Regardless, a “help me, help you” attitude is still reverberating through the marketplace. “It’s almost a feel-good pandemic,” said Meridian Capital Group’s Senior Managing Director Seth Grossman. “We’re seeing much more communication … in that everyone’s trying to work together.” 

“The [Federal Deposit Insurance Corporation] was open about giving us the leeway to work with borrowers given the unprecedented nature of this situation, but at the same time, it’s not like we can defer interest payments forever and hope things look better in three years,” said Jason Baker, an executive vice president of commercial real estate for the western region at Pacific Western Bank. “Our message to borrowers was, we can be flexible upfront, let’s see what transpires over the next, say, three to six months; but, beyond that, you’re going to need to have a capital plan identified, whether that’s you bringing in more money, a mezz lender, or raising some rescue capital. We’ve been pleasantly surprised. We have had capital partners in these deals who have been able to do that.” 

Pamela van Os, senior vice president and head of West Coast agency loan production at Greystone, spoke to the company’s work as an agency lender in following Fannie Mae and Freddie Mac’s specific guidelines for forbearance. “We worked with our customers to figure out creative solutions. It’s worked out better than we thought,” van Os said. 

Panel 1 Where Are We? Where Are We Headed? CRE Industry Experts Opine on 2020
Clockwise from top left: Jason Baker, Kyle Jeffers, Seth Grossman, Pamela van Os and Ash Baraghoush.

Grossman, Baker and van Os spoke as part of a five-person panel titled, “Monitoring the Market: A Deep Dive into Activity in the Debt & Equity Markets,” the first of two panel discussions that made up the event. They were joined by Ash Baraghoush, managing director of acquisitions at Hanover Real Estate Investors; and Kyle Jeffers, senior managing director and head of western and southwest region originations at Acore Capital. CO Co-Deputy Editor and Finance Editor Cathy Cunningham moderated the panel.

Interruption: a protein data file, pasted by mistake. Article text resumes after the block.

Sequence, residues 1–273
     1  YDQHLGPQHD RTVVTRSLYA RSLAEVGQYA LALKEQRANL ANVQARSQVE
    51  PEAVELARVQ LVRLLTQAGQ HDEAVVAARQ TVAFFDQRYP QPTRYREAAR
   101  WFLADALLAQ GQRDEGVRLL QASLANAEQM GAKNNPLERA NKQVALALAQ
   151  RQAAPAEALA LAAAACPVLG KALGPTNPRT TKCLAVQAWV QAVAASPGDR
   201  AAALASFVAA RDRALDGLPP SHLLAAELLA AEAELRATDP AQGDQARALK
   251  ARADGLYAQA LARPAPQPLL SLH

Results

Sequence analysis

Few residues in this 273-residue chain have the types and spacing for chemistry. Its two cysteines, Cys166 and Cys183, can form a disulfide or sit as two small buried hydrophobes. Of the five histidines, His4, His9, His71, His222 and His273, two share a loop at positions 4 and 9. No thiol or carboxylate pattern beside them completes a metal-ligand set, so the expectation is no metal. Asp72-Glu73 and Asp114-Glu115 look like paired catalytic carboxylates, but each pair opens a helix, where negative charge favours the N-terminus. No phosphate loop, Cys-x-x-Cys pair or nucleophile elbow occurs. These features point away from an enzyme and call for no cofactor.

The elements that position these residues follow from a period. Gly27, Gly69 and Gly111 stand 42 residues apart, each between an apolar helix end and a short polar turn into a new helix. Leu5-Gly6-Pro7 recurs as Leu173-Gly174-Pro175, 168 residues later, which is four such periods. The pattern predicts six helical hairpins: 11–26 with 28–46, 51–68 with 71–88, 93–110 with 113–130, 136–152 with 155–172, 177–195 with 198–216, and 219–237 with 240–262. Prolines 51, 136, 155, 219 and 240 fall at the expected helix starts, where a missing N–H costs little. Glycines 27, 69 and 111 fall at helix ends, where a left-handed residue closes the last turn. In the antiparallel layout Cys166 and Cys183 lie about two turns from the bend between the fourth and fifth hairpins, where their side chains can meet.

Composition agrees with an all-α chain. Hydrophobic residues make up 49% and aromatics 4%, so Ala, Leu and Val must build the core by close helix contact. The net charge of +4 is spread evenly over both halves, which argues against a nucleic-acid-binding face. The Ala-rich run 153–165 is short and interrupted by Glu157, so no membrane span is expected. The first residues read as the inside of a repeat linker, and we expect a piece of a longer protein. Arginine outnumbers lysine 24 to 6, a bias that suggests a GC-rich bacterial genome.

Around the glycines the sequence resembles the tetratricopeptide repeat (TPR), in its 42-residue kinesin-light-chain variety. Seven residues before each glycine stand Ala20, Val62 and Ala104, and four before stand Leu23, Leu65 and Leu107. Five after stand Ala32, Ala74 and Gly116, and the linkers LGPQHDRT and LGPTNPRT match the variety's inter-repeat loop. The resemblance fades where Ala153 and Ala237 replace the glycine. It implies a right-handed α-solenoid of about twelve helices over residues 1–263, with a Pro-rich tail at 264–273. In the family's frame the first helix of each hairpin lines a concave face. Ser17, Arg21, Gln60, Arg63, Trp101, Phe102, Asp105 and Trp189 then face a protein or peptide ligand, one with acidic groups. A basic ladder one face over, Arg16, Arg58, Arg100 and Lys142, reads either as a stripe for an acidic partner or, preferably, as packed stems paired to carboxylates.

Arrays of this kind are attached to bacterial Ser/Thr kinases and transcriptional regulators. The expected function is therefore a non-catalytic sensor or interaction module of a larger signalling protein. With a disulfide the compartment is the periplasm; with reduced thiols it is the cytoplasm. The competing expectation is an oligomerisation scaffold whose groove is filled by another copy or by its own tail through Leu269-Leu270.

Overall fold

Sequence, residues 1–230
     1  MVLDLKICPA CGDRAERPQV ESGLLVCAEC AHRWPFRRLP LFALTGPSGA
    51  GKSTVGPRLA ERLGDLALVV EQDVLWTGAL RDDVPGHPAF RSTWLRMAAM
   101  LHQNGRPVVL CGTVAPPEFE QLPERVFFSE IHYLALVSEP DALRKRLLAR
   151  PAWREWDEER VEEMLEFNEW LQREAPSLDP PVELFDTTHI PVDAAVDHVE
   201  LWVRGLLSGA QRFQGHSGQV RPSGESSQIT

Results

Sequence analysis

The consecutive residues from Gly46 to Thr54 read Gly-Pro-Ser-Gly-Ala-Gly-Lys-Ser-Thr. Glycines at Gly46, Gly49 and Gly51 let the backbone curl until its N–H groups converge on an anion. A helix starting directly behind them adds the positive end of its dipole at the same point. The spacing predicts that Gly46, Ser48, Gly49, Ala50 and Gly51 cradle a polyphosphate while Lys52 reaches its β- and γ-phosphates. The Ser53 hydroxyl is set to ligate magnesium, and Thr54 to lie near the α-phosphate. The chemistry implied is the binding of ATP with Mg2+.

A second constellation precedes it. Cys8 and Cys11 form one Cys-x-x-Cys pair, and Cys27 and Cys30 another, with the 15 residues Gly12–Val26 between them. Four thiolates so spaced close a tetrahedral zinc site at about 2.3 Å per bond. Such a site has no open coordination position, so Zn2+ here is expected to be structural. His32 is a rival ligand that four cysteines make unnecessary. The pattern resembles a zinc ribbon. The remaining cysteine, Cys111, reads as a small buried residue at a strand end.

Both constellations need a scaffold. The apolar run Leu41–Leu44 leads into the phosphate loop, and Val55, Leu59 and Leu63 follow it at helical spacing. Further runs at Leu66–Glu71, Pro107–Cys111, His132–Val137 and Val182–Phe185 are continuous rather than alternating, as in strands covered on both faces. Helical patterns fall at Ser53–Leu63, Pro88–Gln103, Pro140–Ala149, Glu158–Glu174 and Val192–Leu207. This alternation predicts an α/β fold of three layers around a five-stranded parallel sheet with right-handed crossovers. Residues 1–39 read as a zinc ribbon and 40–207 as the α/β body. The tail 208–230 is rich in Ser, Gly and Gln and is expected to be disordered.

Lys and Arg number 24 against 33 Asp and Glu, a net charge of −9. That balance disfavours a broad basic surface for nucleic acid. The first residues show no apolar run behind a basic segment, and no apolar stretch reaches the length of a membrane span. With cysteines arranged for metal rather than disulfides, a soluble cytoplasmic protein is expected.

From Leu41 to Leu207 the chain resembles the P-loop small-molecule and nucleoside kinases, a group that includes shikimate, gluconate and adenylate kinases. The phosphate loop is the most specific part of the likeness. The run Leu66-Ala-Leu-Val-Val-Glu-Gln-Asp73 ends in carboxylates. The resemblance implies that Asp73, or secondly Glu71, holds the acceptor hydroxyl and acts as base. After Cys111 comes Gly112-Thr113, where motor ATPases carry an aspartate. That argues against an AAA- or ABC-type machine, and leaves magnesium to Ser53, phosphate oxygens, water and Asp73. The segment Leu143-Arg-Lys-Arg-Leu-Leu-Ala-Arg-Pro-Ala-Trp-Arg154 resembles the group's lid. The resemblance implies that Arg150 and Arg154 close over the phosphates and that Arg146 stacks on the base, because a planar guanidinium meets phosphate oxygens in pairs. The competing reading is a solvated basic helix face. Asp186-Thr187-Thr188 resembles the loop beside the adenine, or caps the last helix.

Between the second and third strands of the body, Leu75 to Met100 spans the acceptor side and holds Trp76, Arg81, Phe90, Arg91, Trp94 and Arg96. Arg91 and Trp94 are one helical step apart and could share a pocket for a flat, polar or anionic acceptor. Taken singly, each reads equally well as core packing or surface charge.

Even with the additional levels of charity exhibited by market participants, there are still lines being drawn in the sand, when it comes to lenders opening themselves up to borrowers for loan modifications. 

The FDIC was “pretty open, pretty quick” in terms of giving regulated banks the leeway to work with borrowers, Baker said. “At the same time, we can’t defer interest payments forever and hope that things are better three years from now.” Baker said a borrower’s future capital plan is key. 

Jeffers initially joked that it’s the borrowers who “send presents” that are helped by their lenders, but then said: “Generally, we view it as a two-way street. The guys who come and say, ‘Hey, I’m having problems, you have to do something for me’ [don’t have] the right approach. We have a senior interest and we don’t have to. The guys who say, ‘We’re in this together, this is a temporary situation and I’m going to bring more capital in, so can you, as my lender, help me, and we can do this together and make it a partnership?’ … Those are the most successful.”